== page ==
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What is Mental Health?



Seven Ways to keep Mentally Healthy

  1. We all relax in different ways. Work out how you relax and do it regularly, not just when you need it. Remember that good sleep is very important.
  2. Try to spend time with good company: friends, neighbours, family, work colleagues and school friends.
  3. Spend time regularly with yourself, away from all demands. Look after yourself by thinking of things you might enjoy such as reading a book, taking a walk and listening to some music.
  4. Imagine some simple changes to your routines, which may increase your positive feelings. Get out of bed earlier, meet some new people or read a daily newspaper.
  5. If you are worrying about something, try to understand your thoughts and the reasons for them by writing the problem down and talking to someone about the problem.
  6. Set some realistic goals for yourself and once achieved set new ones.
  7. Exercise regularly, ideally about 20 minutes each day, and eat healthy nourishing food.

It is normal for people to have problems, but sometimes these problems can seem to take over our lives. Some people will become very upset or sad because someone has died, lost their job, a relationship has ended or they are experiencing poor health. Other people will worry about problems at home such as money matters or problems with their children or spouse. Everyone responds differently to things that happen around them.

Sometimes our behavior becomes uncharacteristic. Some of the ways we show that we are not coping very well can be spending too much time on our own, not sleeping properly, not wanting to go to school or work, developing different eating habits, feeling confused or unaccountably angry.

These problems will usually sort themselves out over time, but you can speed up the process by:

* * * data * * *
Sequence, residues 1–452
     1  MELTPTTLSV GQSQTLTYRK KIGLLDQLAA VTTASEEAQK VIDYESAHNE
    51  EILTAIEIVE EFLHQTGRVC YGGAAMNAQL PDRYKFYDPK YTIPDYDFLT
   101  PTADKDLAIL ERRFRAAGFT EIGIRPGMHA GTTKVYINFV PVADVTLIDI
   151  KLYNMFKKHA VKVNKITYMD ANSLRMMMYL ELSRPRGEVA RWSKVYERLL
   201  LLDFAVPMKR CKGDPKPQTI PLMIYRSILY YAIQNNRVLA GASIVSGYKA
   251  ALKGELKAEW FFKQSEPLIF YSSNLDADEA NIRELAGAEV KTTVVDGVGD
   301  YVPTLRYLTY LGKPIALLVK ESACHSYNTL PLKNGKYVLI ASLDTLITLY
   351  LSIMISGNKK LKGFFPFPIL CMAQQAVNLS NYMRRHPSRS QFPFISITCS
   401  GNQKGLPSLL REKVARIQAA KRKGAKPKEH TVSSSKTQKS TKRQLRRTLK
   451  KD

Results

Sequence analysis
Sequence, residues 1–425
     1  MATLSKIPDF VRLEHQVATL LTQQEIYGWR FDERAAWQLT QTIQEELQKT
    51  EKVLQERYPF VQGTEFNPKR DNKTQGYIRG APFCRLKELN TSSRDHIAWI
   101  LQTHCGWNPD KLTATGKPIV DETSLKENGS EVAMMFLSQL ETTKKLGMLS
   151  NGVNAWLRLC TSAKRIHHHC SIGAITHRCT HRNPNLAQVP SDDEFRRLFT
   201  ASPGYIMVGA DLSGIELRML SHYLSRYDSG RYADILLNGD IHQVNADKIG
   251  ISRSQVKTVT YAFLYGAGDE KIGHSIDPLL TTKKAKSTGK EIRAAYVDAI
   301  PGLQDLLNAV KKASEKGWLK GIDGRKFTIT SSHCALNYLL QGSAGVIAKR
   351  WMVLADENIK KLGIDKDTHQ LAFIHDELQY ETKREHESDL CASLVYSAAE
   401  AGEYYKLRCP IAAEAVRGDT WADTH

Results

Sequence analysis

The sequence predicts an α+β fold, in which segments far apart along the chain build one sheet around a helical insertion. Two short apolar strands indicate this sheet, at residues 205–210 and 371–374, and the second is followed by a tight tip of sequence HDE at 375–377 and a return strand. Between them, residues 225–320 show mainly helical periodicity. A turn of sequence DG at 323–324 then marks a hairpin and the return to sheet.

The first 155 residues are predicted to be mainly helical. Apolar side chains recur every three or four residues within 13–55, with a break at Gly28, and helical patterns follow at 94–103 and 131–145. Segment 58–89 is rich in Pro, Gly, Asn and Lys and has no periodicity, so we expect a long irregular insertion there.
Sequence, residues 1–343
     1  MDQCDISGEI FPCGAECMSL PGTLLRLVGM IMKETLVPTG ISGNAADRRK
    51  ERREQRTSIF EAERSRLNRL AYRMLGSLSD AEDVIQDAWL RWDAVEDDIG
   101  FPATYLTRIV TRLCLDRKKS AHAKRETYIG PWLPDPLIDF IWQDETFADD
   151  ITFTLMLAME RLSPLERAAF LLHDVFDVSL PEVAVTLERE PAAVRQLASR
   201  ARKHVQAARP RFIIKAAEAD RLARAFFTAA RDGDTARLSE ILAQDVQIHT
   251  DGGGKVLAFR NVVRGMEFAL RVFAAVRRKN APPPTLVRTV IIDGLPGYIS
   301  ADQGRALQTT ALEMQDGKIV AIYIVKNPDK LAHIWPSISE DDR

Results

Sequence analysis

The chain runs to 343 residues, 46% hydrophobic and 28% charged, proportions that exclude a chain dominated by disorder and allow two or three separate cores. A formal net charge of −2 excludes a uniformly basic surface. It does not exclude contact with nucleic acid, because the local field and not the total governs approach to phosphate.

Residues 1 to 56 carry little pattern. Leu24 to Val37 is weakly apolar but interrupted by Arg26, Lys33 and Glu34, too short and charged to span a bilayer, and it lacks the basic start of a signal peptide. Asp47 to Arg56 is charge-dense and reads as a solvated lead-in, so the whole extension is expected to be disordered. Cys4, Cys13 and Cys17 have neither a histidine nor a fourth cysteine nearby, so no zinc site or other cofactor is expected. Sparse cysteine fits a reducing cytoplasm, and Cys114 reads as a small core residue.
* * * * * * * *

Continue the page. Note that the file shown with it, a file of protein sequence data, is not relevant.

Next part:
• Talking to friends and family about your problems;
  • Giving yourself some time-out—give your brain a breather;
  • Looking after yourself—drink and smoke less, eat healthy food, get adequate sleep, get some exercise;
  • Talking to a counsellor, a doctor, your local community health centre or church advisor.

Sometimes people may experience more serious mental health problems; for example, ‘nervous breakdown’, depression, stress, anxiety, schizophrenia, bi-polar, personality disorders, obsessive disorders, post traumatic stress disorder, post and ante natal depression and dementia.

If you think you have a mental health problem you can get help from Community Mental Health Services. These services may include psychiatric hospitals, housing services and recovery support services.

So if you wish to discuss your problem and find out where local services are, you can do any of the following:

  • Contact your general practitioner, your local community mental health service or your local public hospital. For information about a range of mental health services, programs or support groups contact the Mental Health Foundation Australia on the number below.
  • Phone the Telephone Interpreter Service on: 131 450. This service can link you to an interpreter who speaks your language and can help you find your local community mental health service.
  • Phone: Lifeline 131 114 Mensline Australia 1300 789 978 SuicideLine 1300 651 251

Contact Us: Mental Health Foundation Australia 1300 MHF AUS (1300 643 287)